An enlarged bladder is one that has become larger than usual. Typically, the bladder walls become thicker and then grow because they are overstretched. This condition is also known as “bladder hypertrophy.”

The bladder is a sac inside our bodies that holds our urine before it’s excreted.

An enlarged bladder can be present from birth or it can occur due to an obstruction in the bladder, the kidneys, or the connecting ureters.

An enlarged bladder presents with symptoms that can be similar to other conditions. If you display any of the following symptoms, your doctor will likely order an ultrasound to determine the cause of your symptoms.

  • difficulty urinating
  • a constant feeling that your bladder is full
  • a slow stream of urine
  • abdominal pain
  • urinary incontinence
  • waking in the night to urinate

Other symptoms could be present depending on the cause of the enlarged bladder. These could include pelvic pain and blood in the urine.

There are many possible causes of an enlarged bladder. One of the most common causes is an obstruction of the urinary system.

When there is an obstruction, the bladder has to work hard to get the urine past the obstruction. This can lead to a loss of elasticity in the bladder walls. Common obstructions are kidney stones and tumors. Prompt recognition of these conditions can prevent your bladder from becoming enlarged.

Some people have trouble urinating. They may produce a large volume of urine but never fully empty their bladders. This prevents the bladder from returning to its usual size and leaves it stretched out.

Some babies are born with enlarged bladders, although they may not present symptoms until later in life. If a child has an enlarged bladder but does not have any negative consequences, simply monitoring them closely is an appropriate course of action.

People who have both obesity and diabetes may be more likely to develop enlarged bladders.

Some neurological conditions, such as multiple sclerosis and paralysis, can prevent you from being able to empty your bladder regularly enough.

Treatment aims to remove the underlying cause of the enlarged bladder. This prevents your bladder from further stretching.

Prompt diagnosis is important because there is no way to repair the muscles of the bladder once they have been overstretched. Treating the cause will prevent further bladder damage and could mean that your symptoms remain mild.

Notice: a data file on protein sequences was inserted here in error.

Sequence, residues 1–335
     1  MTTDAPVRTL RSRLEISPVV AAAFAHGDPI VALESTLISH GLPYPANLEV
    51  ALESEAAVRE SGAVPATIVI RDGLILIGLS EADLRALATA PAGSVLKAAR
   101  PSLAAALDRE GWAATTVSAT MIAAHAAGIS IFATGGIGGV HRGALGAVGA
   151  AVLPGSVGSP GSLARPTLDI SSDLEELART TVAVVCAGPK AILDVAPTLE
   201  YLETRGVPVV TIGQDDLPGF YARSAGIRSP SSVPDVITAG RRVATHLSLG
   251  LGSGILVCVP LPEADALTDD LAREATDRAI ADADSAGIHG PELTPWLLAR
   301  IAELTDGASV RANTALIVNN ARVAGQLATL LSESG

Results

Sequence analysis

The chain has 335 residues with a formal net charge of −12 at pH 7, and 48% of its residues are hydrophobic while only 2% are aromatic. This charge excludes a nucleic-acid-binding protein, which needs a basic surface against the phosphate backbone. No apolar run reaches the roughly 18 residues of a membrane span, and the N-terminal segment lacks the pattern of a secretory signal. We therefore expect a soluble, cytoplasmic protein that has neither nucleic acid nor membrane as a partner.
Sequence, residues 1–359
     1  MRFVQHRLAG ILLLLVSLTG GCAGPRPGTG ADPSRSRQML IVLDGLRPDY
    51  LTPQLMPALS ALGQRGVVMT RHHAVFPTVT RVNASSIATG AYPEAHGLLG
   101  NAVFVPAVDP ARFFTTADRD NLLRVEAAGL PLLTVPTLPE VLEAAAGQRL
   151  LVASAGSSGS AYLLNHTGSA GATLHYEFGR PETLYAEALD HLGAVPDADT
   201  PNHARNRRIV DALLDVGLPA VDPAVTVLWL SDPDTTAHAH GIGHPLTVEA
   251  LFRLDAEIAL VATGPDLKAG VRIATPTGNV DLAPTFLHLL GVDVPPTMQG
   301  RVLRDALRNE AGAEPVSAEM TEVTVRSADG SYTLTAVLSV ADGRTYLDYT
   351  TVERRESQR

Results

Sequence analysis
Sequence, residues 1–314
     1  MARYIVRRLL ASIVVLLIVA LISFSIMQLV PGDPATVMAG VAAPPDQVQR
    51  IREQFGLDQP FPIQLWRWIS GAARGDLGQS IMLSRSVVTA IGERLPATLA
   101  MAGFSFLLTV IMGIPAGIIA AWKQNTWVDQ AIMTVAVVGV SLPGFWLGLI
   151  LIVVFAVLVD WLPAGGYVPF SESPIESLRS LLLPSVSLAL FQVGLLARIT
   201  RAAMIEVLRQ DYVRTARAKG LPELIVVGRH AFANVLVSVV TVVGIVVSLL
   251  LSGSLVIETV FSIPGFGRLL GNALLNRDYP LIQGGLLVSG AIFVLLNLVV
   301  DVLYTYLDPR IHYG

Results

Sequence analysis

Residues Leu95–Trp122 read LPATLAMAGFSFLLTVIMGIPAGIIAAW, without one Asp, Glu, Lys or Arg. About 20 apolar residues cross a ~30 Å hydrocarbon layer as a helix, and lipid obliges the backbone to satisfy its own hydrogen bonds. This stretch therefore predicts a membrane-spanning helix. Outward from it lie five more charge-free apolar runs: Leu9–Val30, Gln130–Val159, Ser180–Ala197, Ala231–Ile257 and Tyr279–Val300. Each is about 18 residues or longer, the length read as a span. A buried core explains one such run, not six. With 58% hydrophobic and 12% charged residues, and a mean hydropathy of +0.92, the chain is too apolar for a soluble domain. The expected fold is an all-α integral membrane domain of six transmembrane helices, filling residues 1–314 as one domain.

The treatment of enlarged bladders may involve a surgery called reduction cystoplasty, which aims to reduce bladder capacity to a typical range through surgical adjustments of the bladder’s structure.

If the enlarged bladder is caused by an obstruction, then surgery to remove the blockage is usually an option. The type of blockage as well as the size will determine the method used by your surgeon.

The most common complication of an enlarged bladder is that your bladder retains urine for longer than it should. This can mean the urine flows back to your kidneys via the ureters. This can lead to kidney damage.

If you develop severe kidney damage as a result of your enlarged bladder, you may need dialysis or a transplant.

Pregnancy can affect bladder control, even with a normal-size bladder. Pregnant people with enlarged bladders usually find that their bladder control is affected to a greater severity than those without.

The symptoms of an enlarged bladder can be frustrating, but the condition on its own is not a serious health concern.

Once your bladder has enlarged, it is unlikely to return to its former state. However, you can manage the symptoms to improve your well-being.

It’s important that you see your doctor as soon as possible if you develop any trouble with urination.

Most causes of an enlarged bladder will show up with other symptoms before your bladder becomes enlarged.

If these conditions are diagnosed promptly, then it’s possible to prevent an enlarged bladder, as well as more serious complications such as kidney damage.